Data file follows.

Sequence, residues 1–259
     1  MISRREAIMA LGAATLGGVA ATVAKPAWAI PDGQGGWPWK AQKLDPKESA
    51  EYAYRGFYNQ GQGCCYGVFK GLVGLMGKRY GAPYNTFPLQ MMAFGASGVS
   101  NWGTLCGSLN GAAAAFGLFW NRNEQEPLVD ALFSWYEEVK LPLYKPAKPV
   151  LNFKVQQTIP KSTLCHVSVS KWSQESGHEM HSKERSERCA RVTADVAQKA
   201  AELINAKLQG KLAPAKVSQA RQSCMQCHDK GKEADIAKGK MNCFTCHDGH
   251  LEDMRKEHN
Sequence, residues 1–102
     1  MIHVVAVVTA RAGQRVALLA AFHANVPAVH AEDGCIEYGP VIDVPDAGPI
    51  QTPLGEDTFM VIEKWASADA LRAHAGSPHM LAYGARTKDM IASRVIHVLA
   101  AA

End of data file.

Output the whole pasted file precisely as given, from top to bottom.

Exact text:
Sequence, residues 1–259
     1  MISRREAIMA LGAATLGGVA ATVAKPAWAI PDGQGGWPWK AQKLDPKESA
    51  EYAYRGFYNQ GQGCCYGVFK GLVGLMGKRY GAPYNTFPLQ MMAFGASGVS
   101  NWGTLCGSLN GAAAAFGLFW NRNEQEPLVD ALFSWYEEVK LPLYKPAKPV
   151  LNFKVQQTIP KSTLCHVSVS KWSQESGHEM HSKERSERCA RVTADVAQKA
   201  AELINAKLQG KLAPAKVSQA RQSCMQCHDK GKEADIAKGK MNCFTCHDGH
   251  LEDMRKEHN
Sequence, residues 1–102
     1  MIHVVAVVTA RAGQRVALLA AFHANVPAVH AEDGCIEYGP VIDVPDAGPI
    51  QTPLGEDTFM VIEKWASADA LRAHAGSPHM LAYGARTKDM IASRVIHVLA
   101  AA